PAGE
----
“What other way was there to take it?”

  “I know, I know…but it’s such an extraordinary situation for you to have been able to come to terms with.”

  “Who says I’ve come to terms with it?”

  “Yes, but I mean—when I try to imagine myself in your place—”

  “Don’t.” And there was just the ghost of a smile on George’s face to soften the harsh finality of the word.

  “All right…but I can’t help feeling more hopeful already—thanks to you.

  Of course the affair’s still incomprehensible to me in many ways—for instance, to fathom the kind of person who could do such a thing…of course you know her, but then I know Jeff, and he’s not a fool—that’s what makes his side of it so hard to understand.”

  “Oh, maybe not so hard,” George replied. “It’s probably what you said that you couldn’t find a name for.”

  “Infatuation?”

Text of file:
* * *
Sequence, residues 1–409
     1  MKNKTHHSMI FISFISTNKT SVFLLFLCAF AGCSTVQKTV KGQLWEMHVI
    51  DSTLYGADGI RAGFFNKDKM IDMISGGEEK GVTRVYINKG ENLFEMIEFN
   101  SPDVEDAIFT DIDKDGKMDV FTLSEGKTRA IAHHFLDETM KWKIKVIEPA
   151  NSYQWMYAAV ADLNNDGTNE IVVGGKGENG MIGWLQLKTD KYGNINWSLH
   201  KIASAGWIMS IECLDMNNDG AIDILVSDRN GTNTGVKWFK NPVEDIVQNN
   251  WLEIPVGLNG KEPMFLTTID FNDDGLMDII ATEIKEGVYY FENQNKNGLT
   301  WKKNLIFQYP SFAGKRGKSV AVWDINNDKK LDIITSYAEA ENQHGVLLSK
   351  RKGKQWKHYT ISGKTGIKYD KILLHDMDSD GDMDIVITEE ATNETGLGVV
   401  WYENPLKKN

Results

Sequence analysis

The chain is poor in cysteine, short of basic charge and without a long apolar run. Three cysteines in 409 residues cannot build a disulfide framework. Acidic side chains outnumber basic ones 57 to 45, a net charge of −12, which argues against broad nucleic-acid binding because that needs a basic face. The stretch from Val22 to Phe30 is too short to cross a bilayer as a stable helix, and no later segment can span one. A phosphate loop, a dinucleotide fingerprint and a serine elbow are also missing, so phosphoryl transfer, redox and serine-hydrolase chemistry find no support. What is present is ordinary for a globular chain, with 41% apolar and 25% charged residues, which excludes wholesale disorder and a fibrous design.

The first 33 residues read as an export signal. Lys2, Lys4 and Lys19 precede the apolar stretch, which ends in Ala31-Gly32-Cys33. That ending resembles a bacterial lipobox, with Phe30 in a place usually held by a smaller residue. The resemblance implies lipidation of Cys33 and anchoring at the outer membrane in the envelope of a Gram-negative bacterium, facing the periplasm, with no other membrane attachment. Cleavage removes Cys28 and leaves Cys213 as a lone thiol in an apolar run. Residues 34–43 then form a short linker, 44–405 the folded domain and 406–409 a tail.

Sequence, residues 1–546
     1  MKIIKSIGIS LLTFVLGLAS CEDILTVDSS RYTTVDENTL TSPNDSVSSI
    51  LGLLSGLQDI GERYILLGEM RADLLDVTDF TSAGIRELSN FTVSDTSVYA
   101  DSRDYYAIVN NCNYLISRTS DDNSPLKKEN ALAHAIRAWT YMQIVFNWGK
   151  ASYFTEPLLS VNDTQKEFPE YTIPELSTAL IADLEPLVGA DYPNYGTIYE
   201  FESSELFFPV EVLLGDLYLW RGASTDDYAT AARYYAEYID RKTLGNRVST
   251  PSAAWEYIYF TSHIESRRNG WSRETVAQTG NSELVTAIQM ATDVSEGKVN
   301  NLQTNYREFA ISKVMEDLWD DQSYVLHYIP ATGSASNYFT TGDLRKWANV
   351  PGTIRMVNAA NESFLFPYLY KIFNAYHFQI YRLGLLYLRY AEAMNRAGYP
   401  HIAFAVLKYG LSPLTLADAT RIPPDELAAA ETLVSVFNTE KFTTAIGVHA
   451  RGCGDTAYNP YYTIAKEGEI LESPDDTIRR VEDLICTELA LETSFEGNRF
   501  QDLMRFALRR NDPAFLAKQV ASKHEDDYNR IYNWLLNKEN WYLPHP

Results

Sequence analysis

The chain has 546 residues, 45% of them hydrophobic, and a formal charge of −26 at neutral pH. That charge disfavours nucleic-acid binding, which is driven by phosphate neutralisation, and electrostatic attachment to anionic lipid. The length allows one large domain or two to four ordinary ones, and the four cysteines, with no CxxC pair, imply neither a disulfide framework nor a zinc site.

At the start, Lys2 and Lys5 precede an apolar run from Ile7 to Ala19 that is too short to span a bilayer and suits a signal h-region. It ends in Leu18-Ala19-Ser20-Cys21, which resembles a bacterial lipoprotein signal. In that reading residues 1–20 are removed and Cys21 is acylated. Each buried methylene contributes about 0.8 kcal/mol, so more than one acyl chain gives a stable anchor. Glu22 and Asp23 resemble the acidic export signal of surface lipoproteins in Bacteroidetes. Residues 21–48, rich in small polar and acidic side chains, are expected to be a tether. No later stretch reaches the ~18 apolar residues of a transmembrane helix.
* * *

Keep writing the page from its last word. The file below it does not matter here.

“If you like.” And then, abruptly and without caring for the awkwardness of time and place, George began to tell something about Livia that he had never mentioned to anyone before. Perhaps it was the atmosphere of a railway station that reminded him, for it had happened (he said) at the end of their honeymoon when they were to catch a night train from a seaside place back to London. They had spent the last day pottering about the promenade between showers, and during one of these, while sheltering, they had got into conversation with a well-dressed and rather distinguished-looking man of sixty or so. It was one of those chance acquaintanceships that flourish amazingly without either background or future prospects; almost immediately the stranger offered to conduct them through an adjacent art gallery which, though full of very bad canvases, gave him the chance to talk so fascinatingly about paintings that they thought he must belong to that world himself until later he talked with equal fascination about literature, music, and politics. Within an hour they were all chattering together like old friends, and as evening approached it seemed perfectly natural to accept the stranger’s invitation to dine. (He had given them his name and told them he was French, which had further amazed George because of his completely accentless English.) The two newlyweds were presently entertained in a manner to which they were wholly unaccustomed and which they could certainly not have afforded—George smilingly declined to break his temperance pledge, but ate two dozen oysters with gusto while Livia drank champagne and laughed a great deal. After dinner it seemed equally natural that the stranger should drive them back to their hotel in his car and later take them on to the railway station. The train was already drawn up to the platform, so the three of them sat together in an otherwise unoccupied compartment with half an hour to wait. Suddenly George discovered the hotel-room key in his pocket and, excusing himself, walked down the platform to the station office to arrange for its return. He wasn’t away more than ten minutes, and when he got back the three resumed their conversation until the train’s departure.